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blueshogun96

.wav Parser Making Popping Sounds

3 posts in this topic

I have this .wav parsing code that I've been using for quite some time, but there are some .wav files that will have a popping sound after it finishes playing.  I assume that it has something to do with my code since this doesn't happen when other .wav playing programs play the sound.  It shouldn't really matter, but I'm using OpenAL.

 

My code to load .wav files is in a single function.

 

ALuint wavstatic_open( char* filename )
{
	FILE* file = NULL;
	char* buffer = NULL;
	ALuint channels;
	ALuint frequency;
	ALuint format;
	ALuint bits;
	ALuint albuffer;
	long filesize = 0;
	int ret;

	/* Does the wav file exist? */
	file = fopen( filename, "rb" );
	if( !file )
		return 0;

	/* Get the file size */
	fseek( file, 0, SEEK_END );
	filesize = ftell(file);
	fseek( file, 0, SEEK_SET );

	/* Create buffers and sources */
	alGenBuffers( 1, &albuffer );
	if( alGetError() != AL_NO_ERROR )
	{
		fclose(file);
		free(buffer);
		alDeleteBuffers( 1, &albuffer );
		return 0;
	}

	/* Allocate this buffer to read bytes from as we go. */
	/* Should check for the strings "RIFF" and "WAVE" in the header, but I don't feel like
	   it at the moment, so... */
	buffer = malloc( filesize );
	fread( buffer, 1, 12, file );

	/* Check the wav file chunk header for the format information. If it's not there, forget it */
	fread( buffer, 1, 8, file );
	if( buffer[0] != 'f' || buffer[1] != 'm' || buffer[2] != 't' || buffer[3] != ' ' )
	{
		fclose(file);
		free(buffer);
		alDeleteBuffers( 1, &albuffer );
		return 0;
	}

	/* Read the wav format type. 1 == PCM.  If it's not, then we either
	   exit, or have to decode the format ourselves */
	fread( buffer, 1, 2, file );
	if( buffer[1] != 0 || buffer[0] != 1 )
	{
		fclose(file);
		free(buffer);
		alDeleteBuffers( 1, &albuffer );
		return 0;
	}

	/* Get the channel count */
	fread( buffer, 1, 2, file );
	channels = buffer[1]<<8;
	channels |= buffer[0];

	/* Get the sample frequency */
	fread( buffer, 1, 4, file );
	frequency  = buffer[3]<<24;
    frequency |= buffer[2]<<16;
    frequency |= buffer[1]<<8;
    frequency |= buffer[0];

	/* Ignore block size and bytes per second */
	fread( buffer, 1, 6, file );

	/* Get the bit depth */
	fread( buffer, 1, 2, file );
	bits = buffer[1]<<8;
	bits |= buffer[0];

	if( bits == 8 )
	{
		if( channels == 1 )
			format = AL_FORMAT_MONO8;
		else if( channels == 2 )
			format = AL_FORMAT_STEREO8;
	}
	else if( bits == 16 )
	{
		if( channels == 1 )
			format = AL_FORMAT_MONO16;
		else if( channels == 2 )
			format = AL_FORMAT_STEREO16;
	}

	/* Read the data chunk which will hold the decoded sample data */
	fread( buffer, 1, 8, file );
	if( buffer[0] != 'd' || buffer[1] != 'a' || buffer[2] != 't' || buffer[3] != 'a' )
	{
		fclose(file);
		free(buffer);
		alDeleteBuffers( 1, &albuffer );
		return 0;
	}

	/* Now read in the data section of this wav file */
	ret = fread( buffer, 1, filesize, file );
	alBufferData( albuffer, format, buffer, ret, frequency );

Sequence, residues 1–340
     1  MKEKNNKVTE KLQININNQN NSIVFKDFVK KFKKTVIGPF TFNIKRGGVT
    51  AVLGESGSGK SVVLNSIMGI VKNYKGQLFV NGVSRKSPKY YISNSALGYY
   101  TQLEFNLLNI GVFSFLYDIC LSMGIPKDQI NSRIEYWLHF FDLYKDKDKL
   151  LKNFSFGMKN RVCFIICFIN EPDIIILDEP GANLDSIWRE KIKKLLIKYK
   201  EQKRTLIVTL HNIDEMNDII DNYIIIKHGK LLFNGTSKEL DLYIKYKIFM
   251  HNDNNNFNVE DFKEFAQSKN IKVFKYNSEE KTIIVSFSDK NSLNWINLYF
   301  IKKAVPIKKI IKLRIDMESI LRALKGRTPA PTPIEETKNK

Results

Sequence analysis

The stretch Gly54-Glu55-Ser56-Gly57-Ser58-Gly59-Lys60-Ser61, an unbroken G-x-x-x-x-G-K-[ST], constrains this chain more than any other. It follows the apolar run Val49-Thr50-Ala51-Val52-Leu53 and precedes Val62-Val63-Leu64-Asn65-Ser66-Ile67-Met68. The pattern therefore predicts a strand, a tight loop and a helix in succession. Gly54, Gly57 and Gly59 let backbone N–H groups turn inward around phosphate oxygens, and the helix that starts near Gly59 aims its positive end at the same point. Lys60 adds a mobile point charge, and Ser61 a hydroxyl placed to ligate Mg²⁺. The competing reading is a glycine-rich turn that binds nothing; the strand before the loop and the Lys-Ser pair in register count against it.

if( alGetError() != AL_NO_ERROR )
	{
		fclose(file);
		free(buffer);
		alDeleteBuffers( 1, &albuffer );
		return 0;
	}

	/* That's all */
	fclose(file);
	free(buffer);

	return albuffer;
}

 

 

Not sure what it is.  The pop sound at the end only happens with a few .wav files.  The rest sound and work okay.  Any ideas?  Thanks.

 

Shogun.

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Pop sounds usually happen when there's a bigger step in the sound curve. Look at the end of the .wav in an audio editor. Ideally the sound curve is zero at the end to avoid popping.

Some audio players default to fading out when playing (WinAMP)

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some audio programs put some data after the "data" lump (note: lump==chunk).
(a common example here are lumps that indicate the audio program used and/or contain data similar to that found in an ID3 tag).

the reader code appears as if it will just read all the way to the end of the file, so if anything follows the main data lump, it may result in noise and/or pops, due to this data being treated as audio.

better could be taking the lump-size into account (for the "data" lump), then use this to know how many audio samples are present (rather than how much data was read).


secondary notes:
not all WAV files will have exactly the same length for the "fmt " lump (mostly N/A for PCM WAV files);
theoretically, other lumps may appear between "fmt " and "data" lumps (not actually ran into this AFAICT);
thoeretically, audio files may contain a 'LIST'/'wavl' lump instead of a single big 'data' lump (not seen AFAICT);
RIFF does this odd thing of padding lumps up to even (multiple of 2) sizes (N/A in this case);
...

the most likely scenario is here being data following 'data', because most of the other scenarios would likely result in the decoder rejecting the file (by not seeing 'data' where it is expected).


ADD, maybe try something like (trivial edit):
/* decode the length for "data" (32 bit little-endian DWORD) */
len = buffer[4] | (buffer[5]<<8) | (buffer[6]<<16) | (buffer[7]<<24);

/* Now read in the data section of this wav file */
ret = fread( buffer, 1, len, file ); Edited by cr88192
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This makes sense.  It would be best not to expect every chunk to come in a certain order.  Also, I'm pretty sure that it's another chunk after the actual data chunk.

 

So far, I've only had one instance where the data chunk wasn't where I expected it to be.

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